Sunday, April 30, 2017

Cardboard binoculars

They stood at the window, looking at me through their cardboard binoculars. I laughed as I escaped their view. A sweet vision in the rearview mirror.

Dad knew all the birds and their sounds. He could reply to any bird answering their call gliding on the air. The whistle of a robin. The trill of a sparrow. The call of a mockingbird. It was difficult to tell the difference in the sounds between my father and the feathered friend. Perhaps I could call them two birds of a feather. They were indeed nature in song.

Whenever Dad saw a bird, he would immediately point it out. We would watch the bird until it flew away. I would get a lesson on the type of bird, its nest and other characteristics. He would call to the red-winged blackbird as soon as I spotted one. I delighted each time it answered back.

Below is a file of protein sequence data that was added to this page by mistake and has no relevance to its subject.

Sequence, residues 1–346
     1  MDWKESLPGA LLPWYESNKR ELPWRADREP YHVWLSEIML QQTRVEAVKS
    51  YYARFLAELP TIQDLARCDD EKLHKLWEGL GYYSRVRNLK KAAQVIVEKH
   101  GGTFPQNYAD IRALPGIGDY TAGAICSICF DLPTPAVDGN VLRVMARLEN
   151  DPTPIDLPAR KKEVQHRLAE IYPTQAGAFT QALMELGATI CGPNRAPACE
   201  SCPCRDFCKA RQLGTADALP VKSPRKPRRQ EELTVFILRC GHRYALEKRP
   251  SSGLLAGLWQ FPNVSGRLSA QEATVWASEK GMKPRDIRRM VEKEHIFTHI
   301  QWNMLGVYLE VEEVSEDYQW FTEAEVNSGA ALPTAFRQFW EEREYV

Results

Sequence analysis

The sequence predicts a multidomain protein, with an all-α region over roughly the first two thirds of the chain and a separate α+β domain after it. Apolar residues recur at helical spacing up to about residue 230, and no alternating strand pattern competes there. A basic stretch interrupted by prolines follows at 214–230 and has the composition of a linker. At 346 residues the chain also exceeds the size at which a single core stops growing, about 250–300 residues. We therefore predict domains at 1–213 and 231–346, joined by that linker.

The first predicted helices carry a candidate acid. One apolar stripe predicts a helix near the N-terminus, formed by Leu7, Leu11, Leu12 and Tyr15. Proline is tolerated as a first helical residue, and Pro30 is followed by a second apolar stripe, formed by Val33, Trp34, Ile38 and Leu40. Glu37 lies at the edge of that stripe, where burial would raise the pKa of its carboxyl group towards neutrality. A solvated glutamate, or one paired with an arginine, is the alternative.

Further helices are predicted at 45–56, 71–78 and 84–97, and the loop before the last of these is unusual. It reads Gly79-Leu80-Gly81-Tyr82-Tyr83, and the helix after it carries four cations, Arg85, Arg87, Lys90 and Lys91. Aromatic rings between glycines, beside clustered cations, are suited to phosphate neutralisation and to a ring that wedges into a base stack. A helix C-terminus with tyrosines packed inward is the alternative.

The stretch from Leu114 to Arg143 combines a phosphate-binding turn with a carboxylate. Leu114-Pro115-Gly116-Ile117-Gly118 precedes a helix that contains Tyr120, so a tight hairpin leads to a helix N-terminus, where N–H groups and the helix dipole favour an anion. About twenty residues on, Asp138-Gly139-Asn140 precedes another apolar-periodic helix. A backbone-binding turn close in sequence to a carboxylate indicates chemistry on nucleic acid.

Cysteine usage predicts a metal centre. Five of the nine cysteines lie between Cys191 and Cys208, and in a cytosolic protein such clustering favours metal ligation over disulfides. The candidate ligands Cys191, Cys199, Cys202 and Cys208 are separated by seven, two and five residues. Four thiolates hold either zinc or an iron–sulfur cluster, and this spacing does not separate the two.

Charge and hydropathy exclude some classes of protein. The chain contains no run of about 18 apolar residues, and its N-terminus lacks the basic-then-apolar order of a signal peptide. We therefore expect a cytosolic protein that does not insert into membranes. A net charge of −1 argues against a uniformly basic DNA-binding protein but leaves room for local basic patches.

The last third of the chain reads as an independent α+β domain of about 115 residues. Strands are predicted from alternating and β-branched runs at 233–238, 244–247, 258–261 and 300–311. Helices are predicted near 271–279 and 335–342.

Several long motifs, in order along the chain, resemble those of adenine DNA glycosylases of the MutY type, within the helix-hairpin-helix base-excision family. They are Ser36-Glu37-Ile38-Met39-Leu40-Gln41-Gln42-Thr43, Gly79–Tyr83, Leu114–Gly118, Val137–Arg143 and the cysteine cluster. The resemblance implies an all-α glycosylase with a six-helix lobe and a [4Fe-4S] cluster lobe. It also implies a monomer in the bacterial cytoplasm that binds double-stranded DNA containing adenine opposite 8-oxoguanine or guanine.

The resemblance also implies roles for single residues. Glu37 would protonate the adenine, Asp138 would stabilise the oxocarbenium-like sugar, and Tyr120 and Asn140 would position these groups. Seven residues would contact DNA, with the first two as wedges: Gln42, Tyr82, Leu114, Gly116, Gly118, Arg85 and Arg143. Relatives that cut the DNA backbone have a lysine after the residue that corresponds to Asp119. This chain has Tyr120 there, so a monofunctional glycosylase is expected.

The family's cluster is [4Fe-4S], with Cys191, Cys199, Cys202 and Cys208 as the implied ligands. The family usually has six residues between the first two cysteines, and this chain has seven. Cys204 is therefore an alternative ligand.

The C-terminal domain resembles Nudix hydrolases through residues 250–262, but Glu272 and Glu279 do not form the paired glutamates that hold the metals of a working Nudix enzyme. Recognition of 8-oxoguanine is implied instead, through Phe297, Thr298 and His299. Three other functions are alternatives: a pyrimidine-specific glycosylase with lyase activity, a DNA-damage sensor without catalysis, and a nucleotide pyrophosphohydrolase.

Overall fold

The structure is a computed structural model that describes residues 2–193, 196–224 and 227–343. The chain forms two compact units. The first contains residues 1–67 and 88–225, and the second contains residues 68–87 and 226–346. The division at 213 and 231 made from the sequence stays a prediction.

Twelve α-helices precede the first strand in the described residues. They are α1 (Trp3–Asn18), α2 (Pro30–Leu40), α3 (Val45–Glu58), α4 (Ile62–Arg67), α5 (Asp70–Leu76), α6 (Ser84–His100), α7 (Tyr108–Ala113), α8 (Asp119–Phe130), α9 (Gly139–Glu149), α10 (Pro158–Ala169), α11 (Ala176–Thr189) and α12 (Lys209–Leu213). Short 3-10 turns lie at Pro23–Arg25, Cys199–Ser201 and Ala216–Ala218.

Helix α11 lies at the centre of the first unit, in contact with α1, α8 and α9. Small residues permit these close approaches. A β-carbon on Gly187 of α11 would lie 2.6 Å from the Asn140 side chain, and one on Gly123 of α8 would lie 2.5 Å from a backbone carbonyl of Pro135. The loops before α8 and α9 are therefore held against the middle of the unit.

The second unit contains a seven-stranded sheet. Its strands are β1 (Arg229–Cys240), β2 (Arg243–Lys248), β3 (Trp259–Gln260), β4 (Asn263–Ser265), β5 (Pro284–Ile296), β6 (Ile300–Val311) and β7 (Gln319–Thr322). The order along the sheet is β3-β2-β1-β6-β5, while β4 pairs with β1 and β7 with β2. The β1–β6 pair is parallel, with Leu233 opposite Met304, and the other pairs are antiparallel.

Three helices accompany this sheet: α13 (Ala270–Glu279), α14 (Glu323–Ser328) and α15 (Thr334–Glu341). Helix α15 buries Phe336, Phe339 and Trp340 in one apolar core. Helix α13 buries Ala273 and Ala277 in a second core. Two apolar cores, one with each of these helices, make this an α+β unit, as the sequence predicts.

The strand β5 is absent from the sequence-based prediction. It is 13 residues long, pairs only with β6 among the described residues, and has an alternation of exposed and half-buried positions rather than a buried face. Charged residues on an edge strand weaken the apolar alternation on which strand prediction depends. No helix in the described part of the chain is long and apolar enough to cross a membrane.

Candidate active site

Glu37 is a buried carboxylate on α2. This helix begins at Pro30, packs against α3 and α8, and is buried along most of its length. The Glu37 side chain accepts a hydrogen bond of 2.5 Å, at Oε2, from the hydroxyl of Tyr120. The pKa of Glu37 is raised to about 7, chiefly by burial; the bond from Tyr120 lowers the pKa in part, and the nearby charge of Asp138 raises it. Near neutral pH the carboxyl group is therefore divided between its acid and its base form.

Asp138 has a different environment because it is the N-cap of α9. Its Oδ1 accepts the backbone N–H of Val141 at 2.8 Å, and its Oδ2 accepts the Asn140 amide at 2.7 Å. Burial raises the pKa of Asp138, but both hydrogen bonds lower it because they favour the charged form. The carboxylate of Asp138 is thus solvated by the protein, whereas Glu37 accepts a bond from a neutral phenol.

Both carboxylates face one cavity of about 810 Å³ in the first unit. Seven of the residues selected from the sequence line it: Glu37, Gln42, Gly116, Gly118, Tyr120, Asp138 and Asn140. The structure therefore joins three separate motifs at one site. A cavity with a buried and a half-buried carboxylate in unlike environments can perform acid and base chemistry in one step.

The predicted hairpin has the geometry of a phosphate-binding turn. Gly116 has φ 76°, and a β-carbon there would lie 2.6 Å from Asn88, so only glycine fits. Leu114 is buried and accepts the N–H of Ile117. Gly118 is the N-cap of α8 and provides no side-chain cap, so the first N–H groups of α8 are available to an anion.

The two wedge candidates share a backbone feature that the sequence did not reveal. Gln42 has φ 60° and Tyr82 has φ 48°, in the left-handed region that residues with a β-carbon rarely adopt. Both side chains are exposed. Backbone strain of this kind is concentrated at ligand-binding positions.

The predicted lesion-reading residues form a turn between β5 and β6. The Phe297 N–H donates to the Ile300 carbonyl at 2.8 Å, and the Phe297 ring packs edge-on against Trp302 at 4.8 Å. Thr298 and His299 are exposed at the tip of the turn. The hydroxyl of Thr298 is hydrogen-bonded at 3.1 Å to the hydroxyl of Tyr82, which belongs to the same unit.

The preschoolers along with their parents hiked through the Cooper Mountain Nature Park. The trails meander over the mountain and through the woods. The warning signs about mountain lions were not alarming. Rarely would one come so close to town. When the children finished their field trip, they became Junior Rangers. Each child made a vest out of a paper grocery sack decorated with feathers and other pieces of nature. They made binoculars out of paper towel rolls. This preschool based on learning about our environment had done its job. In fact their mom informed me that they use the binoculars outside to look at birds then look them up in the bird book. A little imagination goes a long way in learning.

For my grandchildren and all the children in the world, we need to do what we can to preserve the environment for these birds. We just returned from a trek through our forests seeing all of the clear cuts. Forests chopped down. Barren hills. Mud slides. Nature turned upside down. It happens in all parts of the world. I want better for my family.

 Four little eyes spied on me as I drove away from their house. Little pieces of cardboard and a child's imagination. Children believing that they can see clearly. I will do my best to be sure they always do even through cardboard binoculars.

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